Traffic moves at slow speeds in a counterclockwise direction, and is constantly moving except when yielding to traffic in the roundabout and pedestrians in the crosswalks.
To navigate a roundabout:
Never try to pass on the right unless you are sure you can do it safely.
You may pass on the right:
Emergency vehicles may be parked in the roadway or alongside another vehicle. When driving on an interstate highway or other highway with two or more lanes, upon approaching a parked emergency vehicle whose audible or visual signals are in use, you must merge into the lane farthest from the emergency vehicle, except when otherwise directed by a police officer.
The state offers a 3-year record, 5-year record, or a 10-year record to choose from. Each is explained below:
According to the Wyoming DOT, the 3-year driving history report includes moving violations, uninsured accidents, compulsory insurance violations, administrative per se and refusals, nonresident violator compact violations, and proof of financial responsibility withdrawals.
According to the Wyoming DOT, the 5-year history includes violations for driving under the influence, reckless driving, accident judgments, vehicular homicide, leaving the scene of an injury accident, a felony which is a result of manner of driving and transporting liquor to a minor convictions and withdrawals.
The 10-year record is used mostly for CDL purposes, but employers may also request a 10-year report, and it will include all of the items in the three and five-year reports along with CDL medical information.
Criminal driving offenses in Wyoming are serious crimes that usually include losing a driver's license, payment of a large fine, and jail or prison time. Some examples of criminal driving offenses in the state include:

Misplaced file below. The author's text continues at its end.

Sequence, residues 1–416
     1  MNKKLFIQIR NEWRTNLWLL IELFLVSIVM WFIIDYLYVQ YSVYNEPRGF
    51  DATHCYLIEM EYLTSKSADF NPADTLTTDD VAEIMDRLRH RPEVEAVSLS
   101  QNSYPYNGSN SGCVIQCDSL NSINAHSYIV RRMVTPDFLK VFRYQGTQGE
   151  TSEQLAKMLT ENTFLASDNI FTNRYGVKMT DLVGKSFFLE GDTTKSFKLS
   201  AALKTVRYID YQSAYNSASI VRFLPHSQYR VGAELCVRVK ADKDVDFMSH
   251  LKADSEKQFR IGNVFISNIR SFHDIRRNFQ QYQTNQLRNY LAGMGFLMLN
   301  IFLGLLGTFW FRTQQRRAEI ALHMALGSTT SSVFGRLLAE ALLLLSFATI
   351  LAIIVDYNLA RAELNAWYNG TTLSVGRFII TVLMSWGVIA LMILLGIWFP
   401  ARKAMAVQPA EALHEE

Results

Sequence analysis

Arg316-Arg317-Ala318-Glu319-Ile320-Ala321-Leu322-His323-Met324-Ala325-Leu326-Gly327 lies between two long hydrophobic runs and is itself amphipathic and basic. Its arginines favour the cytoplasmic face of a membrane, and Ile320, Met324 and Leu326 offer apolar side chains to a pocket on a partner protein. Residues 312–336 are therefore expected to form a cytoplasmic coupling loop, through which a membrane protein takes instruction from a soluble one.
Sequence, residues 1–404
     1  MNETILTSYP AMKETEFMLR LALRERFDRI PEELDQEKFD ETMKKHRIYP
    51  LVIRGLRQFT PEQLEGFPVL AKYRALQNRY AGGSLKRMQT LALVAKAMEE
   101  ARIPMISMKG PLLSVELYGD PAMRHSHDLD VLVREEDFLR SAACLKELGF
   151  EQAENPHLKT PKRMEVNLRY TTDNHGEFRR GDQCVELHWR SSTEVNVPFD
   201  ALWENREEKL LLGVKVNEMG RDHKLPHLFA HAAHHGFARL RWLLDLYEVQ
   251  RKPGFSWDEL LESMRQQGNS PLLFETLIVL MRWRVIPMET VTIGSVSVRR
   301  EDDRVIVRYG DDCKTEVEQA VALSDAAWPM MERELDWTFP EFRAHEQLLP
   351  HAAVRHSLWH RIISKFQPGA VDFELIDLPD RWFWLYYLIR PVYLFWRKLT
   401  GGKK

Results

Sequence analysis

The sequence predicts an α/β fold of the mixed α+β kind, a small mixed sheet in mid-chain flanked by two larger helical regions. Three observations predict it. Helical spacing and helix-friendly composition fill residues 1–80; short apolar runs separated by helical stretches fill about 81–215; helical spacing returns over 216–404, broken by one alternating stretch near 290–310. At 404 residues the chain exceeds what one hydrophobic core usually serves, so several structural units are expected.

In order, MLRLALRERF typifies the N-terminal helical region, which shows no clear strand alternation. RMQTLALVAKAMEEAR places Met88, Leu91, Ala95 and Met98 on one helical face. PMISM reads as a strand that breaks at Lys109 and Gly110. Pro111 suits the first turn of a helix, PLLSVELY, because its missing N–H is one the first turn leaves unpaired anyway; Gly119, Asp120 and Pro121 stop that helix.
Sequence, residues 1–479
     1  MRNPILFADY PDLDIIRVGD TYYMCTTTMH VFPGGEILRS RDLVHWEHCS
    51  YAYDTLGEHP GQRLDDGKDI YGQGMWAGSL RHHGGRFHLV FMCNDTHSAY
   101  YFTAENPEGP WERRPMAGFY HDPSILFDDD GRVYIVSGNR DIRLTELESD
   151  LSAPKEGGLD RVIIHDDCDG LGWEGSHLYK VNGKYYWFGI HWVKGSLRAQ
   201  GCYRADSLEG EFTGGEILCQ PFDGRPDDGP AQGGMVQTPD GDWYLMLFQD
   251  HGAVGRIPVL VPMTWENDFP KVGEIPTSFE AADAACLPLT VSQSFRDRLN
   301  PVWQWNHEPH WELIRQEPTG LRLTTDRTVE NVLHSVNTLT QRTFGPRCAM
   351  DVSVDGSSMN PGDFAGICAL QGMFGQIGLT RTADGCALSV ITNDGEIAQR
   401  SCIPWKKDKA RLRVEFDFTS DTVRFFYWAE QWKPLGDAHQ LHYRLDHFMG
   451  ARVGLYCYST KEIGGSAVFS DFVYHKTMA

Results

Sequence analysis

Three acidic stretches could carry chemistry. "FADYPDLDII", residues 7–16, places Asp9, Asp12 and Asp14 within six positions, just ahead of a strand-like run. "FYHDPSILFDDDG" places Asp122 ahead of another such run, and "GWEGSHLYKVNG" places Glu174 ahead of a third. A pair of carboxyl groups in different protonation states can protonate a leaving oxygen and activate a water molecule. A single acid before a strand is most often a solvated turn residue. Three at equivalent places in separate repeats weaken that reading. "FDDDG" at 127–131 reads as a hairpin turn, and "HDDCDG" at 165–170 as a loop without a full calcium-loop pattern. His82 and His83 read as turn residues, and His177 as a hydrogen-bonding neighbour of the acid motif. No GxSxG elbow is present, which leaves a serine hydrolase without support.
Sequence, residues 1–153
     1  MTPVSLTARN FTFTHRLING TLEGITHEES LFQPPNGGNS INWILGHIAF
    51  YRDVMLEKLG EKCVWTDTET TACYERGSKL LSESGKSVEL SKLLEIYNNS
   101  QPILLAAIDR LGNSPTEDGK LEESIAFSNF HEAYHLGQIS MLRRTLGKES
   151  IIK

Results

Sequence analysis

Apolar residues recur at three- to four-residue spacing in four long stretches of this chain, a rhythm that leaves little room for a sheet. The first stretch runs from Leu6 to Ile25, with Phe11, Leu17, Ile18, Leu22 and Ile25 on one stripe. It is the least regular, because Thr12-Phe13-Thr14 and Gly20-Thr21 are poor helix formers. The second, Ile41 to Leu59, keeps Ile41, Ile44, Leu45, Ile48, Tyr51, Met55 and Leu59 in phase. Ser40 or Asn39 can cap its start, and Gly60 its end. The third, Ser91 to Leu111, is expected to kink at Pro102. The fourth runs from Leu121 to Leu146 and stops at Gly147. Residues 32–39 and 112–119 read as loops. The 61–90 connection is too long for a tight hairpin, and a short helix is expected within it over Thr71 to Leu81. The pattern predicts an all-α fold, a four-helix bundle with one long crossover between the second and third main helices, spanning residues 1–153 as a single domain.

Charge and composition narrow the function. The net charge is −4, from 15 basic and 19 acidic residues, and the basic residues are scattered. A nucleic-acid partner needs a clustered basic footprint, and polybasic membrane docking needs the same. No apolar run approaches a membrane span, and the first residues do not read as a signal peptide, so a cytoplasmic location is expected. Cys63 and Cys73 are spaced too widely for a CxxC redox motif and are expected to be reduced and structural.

Civil driving offenses in the state are far less serious and usually only result in a small fine or a warning. Some examples of these types of infractions include:
The state keeps data on all driving incidents to improve roadway safety and create programs to serve residents. Some interesting statistics about driving and crashes within the state are as follows:
For 2020, some quick status include:
Below are some frequently asked questions about state driving records.
Anyone with a valid, legal reason can get a copy of your driving record. They must have a signed consent form from you in many cases.
No. Wyoming is a rare state that does not use an online system for obtaining motor vehicle history reports.
When requesting a record, you will need the driver's full name, driver's license number, and date of birth. You may also need to show the attendant your identification card.
No. Unlike other states such as Maine, Tennessee, New Mexico, and Wisconsin, the state does not use a points system, but they do keep track of violations, and you will receive the same punishments if you accumulate too many that another state with a points system would issue.
Below are some helpful state driving record links.
Disclaimer: The materials presented here are for informational purposes only. The information is taken from state and local resources, and is current as of the most recent site update. Changes made by state and local departments and agencies after our latest update may render some information and fees outdated, and may cause links to break and forms to be unavailable. Infotracer strongly encourages you to visit the relevant state and local resources to ensure you have the most recent information.